Reviews

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Many American correspondents in the Middle East start out with an attraction not just to the adrenaline but to the exotic. They fall a little bit in love with the mullah's wail in moonlight and the scent of cardamom, even if the scent is tainted by shallow graves and the prayer calls punctuated with the sound of gunfire, off in the distance.

As a journalist on this turf, Sulome Anderson is sui generis. Not only is she both American and Lebanese, and so immune to the exotic; she is also the daughter of Terry Anderson. In 1985, while he was the Associated Press bureau chief for the Middle East, Terry Anderson was kidnapped and spent almost seven years in captivity, long before ISIS was a gleam in some mullah's eye, when hostage taking -- not beheading -- was deemed by militant Islamists and their affiliates to be sufficient to sow fear in the enemy.

Read the rest in the New York Times Here

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The Trump administration has just devoted much of its first 50 days writing and then re-writing a contentious immigration ban that is supposed to make America safer. Meanwhile, a hurting nation awaits triage that has nothing to do with Muslims or Mexicans. As Trump himself well knows, small towns and rural areas from coast to coast are in dire economic straits, challenged by lost jobs and an opioid epidemic.

Brian Alexander's devastating new book, Glass House: The 1% Economy and the Shattering of the All-American Town, explains how the enemy is already within our borders--and no immigration ban could have protected us. In fact, some of them are advising the Trump administration.

Alexander, a journalist, grew up in Lancaster, Ohio, in the 1960s. The town, home to Anchor Hocking Glass Company, was so prosperous in the 1940s that Forbes magazine devoted a cover story to it as the all-American town, crowning it, as Alexander writes, "the epitome and apogee of the American free enterprise system." As Forbes saw it, the town and its company worked in perfect harmony.

Life in Lancaster was indeed sweet. When Alexander was growing up, his father worked at the glass factory, which had been pumping out ware since the turn of the century. He recalls a Norman Rockwell-mythic place of happy, healthy children, unlocked doors, prosperous parents and good schools. But starting in the 1980s, financial Darth Vaders came swooping down from Wall Street and started manipulating the company in order to squeeze cash out. Over the next two decades, two of Donald Trump's advisors, corporate raider Carl Icahn, and then private equity king Stephen Feinberg, tore into the company's books, manipulating its stock, forcing it to take on debt, and slowly chopping it up like a Thanksgiving turkey, picking the bones clean and leaving the town without its core industry.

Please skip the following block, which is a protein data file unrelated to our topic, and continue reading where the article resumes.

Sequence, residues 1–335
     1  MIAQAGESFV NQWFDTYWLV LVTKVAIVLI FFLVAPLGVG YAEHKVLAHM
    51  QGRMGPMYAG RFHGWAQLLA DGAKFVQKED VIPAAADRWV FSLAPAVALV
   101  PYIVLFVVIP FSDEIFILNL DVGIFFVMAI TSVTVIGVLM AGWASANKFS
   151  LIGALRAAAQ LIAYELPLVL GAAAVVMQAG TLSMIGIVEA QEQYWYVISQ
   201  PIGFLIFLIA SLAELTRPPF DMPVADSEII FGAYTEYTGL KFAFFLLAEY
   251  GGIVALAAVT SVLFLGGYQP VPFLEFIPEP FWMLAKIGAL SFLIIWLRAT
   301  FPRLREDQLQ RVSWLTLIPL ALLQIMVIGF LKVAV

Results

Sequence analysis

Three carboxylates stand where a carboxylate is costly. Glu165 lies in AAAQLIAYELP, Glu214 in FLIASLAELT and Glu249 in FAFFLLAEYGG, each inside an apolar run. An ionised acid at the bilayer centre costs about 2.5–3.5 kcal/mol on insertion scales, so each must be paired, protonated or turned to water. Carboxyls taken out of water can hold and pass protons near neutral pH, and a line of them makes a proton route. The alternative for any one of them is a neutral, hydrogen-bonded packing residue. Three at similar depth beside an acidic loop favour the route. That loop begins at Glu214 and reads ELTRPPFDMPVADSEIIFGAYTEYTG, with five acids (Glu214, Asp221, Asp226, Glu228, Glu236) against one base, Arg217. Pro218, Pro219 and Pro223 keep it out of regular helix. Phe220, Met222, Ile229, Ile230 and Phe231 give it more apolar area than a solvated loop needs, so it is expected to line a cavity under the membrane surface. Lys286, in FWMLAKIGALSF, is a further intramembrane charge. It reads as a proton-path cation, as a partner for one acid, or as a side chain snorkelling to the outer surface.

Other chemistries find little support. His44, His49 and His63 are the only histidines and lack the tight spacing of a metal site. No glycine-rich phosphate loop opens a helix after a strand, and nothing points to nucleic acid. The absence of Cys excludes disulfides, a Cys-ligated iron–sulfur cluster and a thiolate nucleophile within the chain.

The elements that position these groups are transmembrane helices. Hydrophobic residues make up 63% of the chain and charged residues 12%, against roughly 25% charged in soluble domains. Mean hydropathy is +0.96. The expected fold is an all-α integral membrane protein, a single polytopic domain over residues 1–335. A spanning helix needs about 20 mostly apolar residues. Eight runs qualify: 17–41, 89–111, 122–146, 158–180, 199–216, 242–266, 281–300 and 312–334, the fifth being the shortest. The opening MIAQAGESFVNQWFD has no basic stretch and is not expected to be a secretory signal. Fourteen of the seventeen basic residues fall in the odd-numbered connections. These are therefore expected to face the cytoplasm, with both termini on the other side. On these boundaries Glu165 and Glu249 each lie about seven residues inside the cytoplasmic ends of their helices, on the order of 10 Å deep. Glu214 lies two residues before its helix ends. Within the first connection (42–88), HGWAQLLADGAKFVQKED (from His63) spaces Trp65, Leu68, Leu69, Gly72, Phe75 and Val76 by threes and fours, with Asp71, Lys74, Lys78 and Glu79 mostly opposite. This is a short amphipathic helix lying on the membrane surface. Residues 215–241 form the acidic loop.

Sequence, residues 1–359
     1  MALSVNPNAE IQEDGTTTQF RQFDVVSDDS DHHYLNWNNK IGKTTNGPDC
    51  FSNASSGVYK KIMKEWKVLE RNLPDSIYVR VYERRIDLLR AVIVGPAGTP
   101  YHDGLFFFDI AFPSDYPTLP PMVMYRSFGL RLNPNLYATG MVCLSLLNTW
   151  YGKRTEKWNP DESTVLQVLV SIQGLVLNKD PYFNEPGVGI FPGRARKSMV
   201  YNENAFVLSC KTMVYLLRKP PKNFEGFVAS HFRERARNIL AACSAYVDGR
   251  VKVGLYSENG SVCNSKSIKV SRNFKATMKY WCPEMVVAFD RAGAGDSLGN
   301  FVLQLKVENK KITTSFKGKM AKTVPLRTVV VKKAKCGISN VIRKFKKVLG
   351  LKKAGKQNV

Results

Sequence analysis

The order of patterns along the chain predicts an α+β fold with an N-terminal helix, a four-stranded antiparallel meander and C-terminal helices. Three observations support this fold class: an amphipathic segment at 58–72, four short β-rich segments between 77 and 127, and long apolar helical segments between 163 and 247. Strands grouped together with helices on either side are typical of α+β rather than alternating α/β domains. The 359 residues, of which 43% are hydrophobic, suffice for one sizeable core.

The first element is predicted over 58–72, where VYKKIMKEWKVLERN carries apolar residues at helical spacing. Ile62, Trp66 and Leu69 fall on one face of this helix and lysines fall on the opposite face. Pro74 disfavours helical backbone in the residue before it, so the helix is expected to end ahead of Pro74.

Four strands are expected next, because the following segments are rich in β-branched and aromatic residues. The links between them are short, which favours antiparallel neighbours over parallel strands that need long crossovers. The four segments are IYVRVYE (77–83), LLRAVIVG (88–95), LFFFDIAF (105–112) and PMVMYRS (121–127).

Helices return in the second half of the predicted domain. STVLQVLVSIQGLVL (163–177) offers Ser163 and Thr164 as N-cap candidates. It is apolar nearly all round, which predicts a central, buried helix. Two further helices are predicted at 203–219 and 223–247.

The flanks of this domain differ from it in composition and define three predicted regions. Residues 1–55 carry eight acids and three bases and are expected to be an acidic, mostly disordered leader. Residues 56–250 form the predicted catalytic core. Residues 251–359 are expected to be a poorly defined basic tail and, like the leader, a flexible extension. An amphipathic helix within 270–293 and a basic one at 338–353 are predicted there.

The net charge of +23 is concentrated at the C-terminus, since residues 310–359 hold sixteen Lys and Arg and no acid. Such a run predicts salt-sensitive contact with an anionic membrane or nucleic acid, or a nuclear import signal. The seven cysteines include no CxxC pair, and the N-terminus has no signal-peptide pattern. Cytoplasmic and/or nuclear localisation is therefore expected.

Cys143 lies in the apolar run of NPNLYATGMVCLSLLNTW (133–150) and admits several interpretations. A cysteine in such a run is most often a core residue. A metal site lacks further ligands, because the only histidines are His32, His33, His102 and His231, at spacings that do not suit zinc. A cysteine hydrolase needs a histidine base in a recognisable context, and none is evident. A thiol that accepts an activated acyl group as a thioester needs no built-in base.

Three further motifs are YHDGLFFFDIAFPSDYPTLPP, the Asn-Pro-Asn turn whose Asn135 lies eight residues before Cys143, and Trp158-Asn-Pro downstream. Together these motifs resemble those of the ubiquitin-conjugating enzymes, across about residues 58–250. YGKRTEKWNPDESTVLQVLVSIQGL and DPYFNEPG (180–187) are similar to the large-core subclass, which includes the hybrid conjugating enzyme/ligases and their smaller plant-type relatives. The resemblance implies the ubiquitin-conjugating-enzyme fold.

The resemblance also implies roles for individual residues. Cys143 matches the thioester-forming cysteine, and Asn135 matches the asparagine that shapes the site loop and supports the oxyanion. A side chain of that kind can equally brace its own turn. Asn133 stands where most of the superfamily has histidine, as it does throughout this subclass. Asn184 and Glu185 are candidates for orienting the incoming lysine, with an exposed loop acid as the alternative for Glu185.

Read the rest here

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New York Times Book Review 11/03/17

ORIANA FALLACI
The Journalist, the Agitator, the Legend
By Cristina De Stefano
Translated by Marina Harss
Illustrated. 282 pp. Other Press. $25.95.

Someone should write an opera about her: La Fallaci, beautiful, extravagant, courageous survivor of war and tempestuous love affairs, speaker of truth to power. But for now, Cristina De Stefano's new biography of the Italian journalistic superstar Oriana Fallaci -- unabashed hagiography to counter the writer's late-life reputational demise -- must suffice.

Full review here.

THE NEWCOMERS
Finding Refuge, Friendship, and Hope in an American Classroom
By Helen Thorpe
396 pp. Scribner. $28.

Steve Bannon, we hear you. Too many white middle-class Americans, victimized by globalization, are struggling. Resources are scarce enough for people who were born right here.

Build the Wall! Build the Wall!

But maybe Americans are not as flinty a race as we appear to be when we're chanting at rallies. While President Trump was campaigning on the wall, Helen Thorpe spent a year inside a "newcomer class" for teenage refugees from Africa, Southeast Asia, the Middle East and Central America.

Her resulting book, "The Newcomers," is a delicate and heartbreaking mystery story, as Thorpe slowly uncovers the secret catastrophes in the lives of young immigrants at South High School in Denver. They arrive mute, and they gradually gain the words and confidence to describe the journeys that led to the classroom.